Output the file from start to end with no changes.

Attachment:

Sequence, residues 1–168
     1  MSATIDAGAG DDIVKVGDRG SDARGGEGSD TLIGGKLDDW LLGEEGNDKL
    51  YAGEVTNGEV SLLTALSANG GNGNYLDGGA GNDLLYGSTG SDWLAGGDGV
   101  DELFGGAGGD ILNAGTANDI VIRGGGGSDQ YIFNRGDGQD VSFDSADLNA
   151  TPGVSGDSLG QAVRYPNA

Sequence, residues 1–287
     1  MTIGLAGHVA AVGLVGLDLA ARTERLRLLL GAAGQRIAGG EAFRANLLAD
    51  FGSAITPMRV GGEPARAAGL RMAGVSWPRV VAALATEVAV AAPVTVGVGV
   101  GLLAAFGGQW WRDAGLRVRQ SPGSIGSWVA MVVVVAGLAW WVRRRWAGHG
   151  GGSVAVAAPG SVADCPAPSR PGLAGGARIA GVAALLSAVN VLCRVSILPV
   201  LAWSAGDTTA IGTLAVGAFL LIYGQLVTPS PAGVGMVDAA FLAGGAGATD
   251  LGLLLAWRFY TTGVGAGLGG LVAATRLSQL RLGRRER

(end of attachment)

Sequence, residues 1–168
     1  MSATIDAGAG DDIVKVGDRG SDARGGEGSD TLIGGKLDDW LLGEEGNDKL
    51  YAGEVTNGEV SLLTALSANG GNGNYLDGGA GNDLLYGSTG SDWLAGGDGV
   101  DELFGGAGGD ILNAGTANDI VIRGGGGSDQ YIFNRGDGQD VSFDSADLNA
   151  TPGVSGDSLG QAVRYPNA

Sequence, residues 1–287
     1  MTIGLAGHVA AVGLVGLDLA ARTERLRLLL GAAGQRIAGG EAFRANLLAD
    51  FGSAITPMRV GGEPARAAGL RMAGVSWPRV VAALATEVAV AAPVTVGVGV
   101  GLLAAFGGQW WRDAGLRVRQ SPGSIGSWVA MVVVVAGLAW WVRRRWAGHG
   151  GGSVAVAAPG SVADCPAPSR PGLAGGARIA GVAALLSAVN VLCRVSILPV
   201  LAWSAGDTTA IGTLAVGAFL LIYGQLVTPS PAGVGMVDAA FLAGGAGATD
   251  LGLLLAWRFY TTGVGAGLGG LVAATRLSQL RLGRRER